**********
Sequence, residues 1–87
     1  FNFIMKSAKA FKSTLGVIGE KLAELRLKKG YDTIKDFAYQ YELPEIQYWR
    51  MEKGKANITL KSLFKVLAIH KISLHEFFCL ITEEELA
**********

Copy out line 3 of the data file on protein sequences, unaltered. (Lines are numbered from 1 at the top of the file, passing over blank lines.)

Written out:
    51  MEKGKANITL KSLFKVLAIH KISLHEFFCL ITEEELA